[RFI] ethernet EMI revisited - questions for the pros

Mike Tindor AA8IA aa8ia at aa8ia.org
Fri Nov 28 20:22:47 EST 2008

Thanks to all for the comments/suggestions.  I'm not opposed to buying new 
hardware - But I hate to buy and find out that doesn't sufficiently remedy 
the problem.    So I'll start off by recabling and seeing if this reduces 
the interference.   I do know that simply swapping out the current cable 
between the two routers does not lessen RFI, so I imagine I'll have to 
simply replace the Zoom - I really don't need A DSL router anyway.   A 
simple DSL modem stuffed into the WAN of the Linksys will be fine since all 
of my wired devices plug into the Linksys anyway.   And I do plan on getting 
a PCI wireless card for at least one of the PCs, leaving only one plugged 

I'll let you all know what the outcome is when I'm finished.   I'll also 
purchase some type 31 snapons to see how those help - they seem to be quite 
useful and something we all ought to have a few of lying around.


----- Original Message ----- 
From: "Leigh L. Klotz, Jr. WA5ZNU" <Leigh at WA5ZNU.org>
To: <aa8ia at aa8ia.org>
Cc: "Jim Brown" <jim at audiosystemsgroup.com>; <rfi at contesting.com>
Sent: Tuesday, November 25, 2008 5:29 PM
Subject: Re: [RFI] ethernet EMI revisited - questions for the pros

aa8ia wrote:
> I'm sure many including yourself would agree that switching to 10 mbit
> isn't a 'cure' - It's more like a poor / lazy man's solution to the
> problem.   But it's a good temporary fix.  Unfortunately, it is not
> possible for me to force 10 mbit between the two routers, as neither
> device allows me to set the ethernet ports to 10 mbit either via web
> interface config or CLI config.

I've found the same, that 100BaseT is noisy and 10BaseT is quieter.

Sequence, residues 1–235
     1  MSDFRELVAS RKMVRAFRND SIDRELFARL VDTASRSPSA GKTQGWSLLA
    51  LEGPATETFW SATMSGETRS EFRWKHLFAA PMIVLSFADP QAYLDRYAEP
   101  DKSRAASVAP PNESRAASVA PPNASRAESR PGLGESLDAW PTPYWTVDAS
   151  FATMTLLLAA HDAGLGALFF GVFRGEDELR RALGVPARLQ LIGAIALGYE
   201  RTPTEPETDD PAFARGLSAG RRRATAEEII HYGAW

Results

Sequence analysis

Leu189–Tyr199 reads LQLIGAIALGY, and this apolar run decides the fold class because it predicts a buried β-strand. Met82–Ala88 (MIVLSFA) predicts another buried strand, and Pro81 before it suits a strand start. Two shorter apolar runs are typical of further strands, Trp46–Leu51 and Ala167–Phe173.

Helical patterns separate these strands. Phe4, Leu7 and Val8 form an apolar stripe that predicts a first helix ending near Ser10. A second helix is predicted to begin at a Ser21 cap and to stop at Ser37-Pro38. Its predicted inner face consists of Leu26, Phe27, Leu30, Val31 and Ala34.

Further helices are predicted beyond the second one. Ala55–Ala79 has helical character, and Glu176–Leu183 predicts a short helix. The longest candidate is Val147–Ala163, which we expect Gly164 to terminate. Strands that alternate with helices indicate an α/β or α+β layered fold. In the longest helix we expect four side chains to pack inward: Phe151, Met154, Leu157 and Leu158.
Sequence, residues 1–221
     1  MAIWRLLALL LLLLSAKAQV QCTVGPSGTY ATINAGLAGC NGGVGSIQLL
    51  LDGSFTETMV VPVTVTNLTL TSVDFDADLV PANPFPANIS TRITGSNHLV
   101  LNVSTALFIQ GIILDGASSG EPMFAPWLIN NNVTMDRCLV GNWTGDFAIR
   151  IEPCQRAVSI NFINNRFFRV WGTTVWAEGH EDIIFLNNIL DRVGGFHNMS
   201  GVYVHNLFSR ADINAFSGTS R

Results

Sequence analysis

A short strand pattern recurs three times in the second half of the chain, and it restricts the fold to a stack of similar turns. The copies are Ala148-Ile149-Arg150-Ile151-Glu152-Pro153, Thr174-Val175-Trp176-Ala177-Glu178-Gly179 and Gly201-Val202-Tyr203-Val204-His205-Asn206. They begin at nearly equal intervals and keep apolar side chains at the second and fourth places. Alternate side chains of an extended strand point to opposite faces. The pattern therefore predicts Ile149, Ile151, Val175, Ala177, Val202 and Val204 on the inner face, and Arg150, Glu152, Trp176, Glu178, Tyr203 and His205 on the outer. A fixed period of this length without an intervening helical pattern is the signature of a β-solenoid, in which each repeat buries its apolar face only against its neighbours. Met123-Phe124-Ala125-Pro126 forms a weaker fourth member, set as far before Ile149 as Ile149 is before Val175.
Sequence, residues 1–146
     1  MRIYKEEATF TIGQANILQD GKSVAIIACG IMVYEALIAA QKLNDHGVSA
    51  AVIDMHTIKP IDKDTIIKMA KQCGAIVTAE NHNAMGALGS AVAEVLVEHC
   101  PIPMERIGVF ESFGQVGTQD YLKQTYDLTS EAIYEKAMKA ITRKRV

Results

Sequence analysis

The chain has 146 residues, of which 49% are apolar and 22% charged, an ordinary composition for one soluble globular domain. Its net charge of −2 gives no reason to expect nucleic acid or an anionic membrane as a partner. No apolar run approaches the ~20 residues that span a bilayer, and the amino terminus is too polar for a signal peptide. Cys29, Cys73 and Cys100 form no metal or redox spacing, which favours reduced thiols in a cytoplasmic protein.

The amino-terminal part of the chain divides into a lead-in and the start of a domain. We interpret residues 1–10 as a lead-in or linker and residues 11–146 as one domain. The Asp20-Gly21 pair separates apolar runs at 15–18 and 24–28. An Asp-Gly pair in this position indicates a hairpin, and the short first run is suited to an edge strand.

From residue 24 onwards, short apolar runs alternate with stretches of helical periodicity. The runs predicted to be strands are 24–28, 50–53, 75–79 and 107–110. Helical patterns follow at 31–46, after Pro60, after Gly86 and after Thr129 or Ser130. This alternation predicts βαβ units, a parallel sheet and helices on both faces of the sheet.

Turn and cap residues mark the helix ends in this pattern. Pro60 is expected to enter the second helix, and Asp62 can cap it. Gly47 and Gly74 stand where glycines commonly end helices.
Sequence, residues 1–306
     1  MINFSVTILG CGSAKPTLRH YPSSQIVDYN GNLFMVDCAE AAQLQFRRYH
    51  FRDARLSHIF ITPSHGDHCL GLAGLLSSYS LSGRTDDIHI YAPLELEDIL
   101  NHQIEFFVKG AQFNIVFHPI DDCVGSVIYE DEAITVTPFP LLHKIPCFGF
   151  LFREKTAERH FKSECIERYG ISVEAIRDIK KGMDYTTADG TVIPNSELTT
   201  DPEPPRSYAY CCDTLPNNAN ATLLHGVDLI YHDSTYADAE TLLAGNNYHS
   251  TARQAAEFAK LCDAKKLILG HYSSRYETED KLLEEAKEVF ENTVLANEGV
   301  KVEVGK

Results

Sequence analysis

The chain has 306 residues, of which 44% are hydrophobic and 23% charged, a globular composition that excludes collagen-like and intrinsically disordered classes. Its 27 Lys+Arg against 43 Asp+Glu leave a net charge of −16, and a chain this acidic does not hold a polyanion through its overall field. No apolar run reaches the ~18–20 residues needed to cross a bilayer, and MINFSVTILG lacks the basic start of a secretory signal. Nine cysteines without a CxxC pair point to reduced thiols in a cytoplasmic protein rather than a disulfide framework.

Jim K9YC reported the opposite at some point in the past, but I don't know
what his current thinking on that issue is.

Here's what I did: I went to fiber.  It's not that expensive, especially
surplus or on eBay.  Fiber with ST connectors (they look like tiny BNC
connectors) is fairly cheap.  I've found ten-dollar 10 MBbit PCI cards
that look exactly like copper Ethernet cards, only with a fiber transducer
instead of ethernet magnetics.  I've found $40 transition boxes that go
between 10MBit or 100MBit and fiber.   Stick a 10MBit one of these on your
router and the PCI Card in your computer and you have only eliminated
100MBit from your router, and achieved total galvanic isolation from your
computer to the ethernet box (note: don't do this if you are that one guy
in DC who has *more* than 10MBit from your cable provider).

You can do it with 100Mbit as well for lines between computers, or just
move to 802.11g or 802.11 "pre n" throughout the house.

Finally, if you don't want to go the fiber route but do want to force your
router or computer to negotiate 10Mbit and can't get at the software, buy
a 10 MBit hub at a garage sale and put it in between them. The devices on
either side will have no choice.


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